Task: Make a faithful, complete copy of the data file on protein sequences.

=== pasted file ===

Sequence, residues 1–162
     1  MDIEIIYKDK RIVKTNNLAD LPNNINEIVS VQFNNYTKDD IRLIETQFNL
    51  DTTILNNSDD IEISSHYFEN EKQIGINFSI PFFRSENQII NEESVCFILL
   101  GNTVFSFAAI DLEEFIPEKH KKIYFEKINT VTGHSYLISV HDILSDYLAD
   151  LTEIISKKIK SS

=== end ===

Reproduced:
Sequence, residues 1–162
     1  MDIEIIYKDK RIVKTNNLAD LPNNINEIVS VQFNNYTKDD IRLIETQFNL
    51  DTTILNNSDD IEISSHYFEN EKQIGINFSI PFFRSENQII NEESVCFILL
   101  GNTVFSFAAI DLEEFIPEKH KKIYFEKINT VTGHSYLISV HDILSDYLAD
   151  LTEIISKKIK SS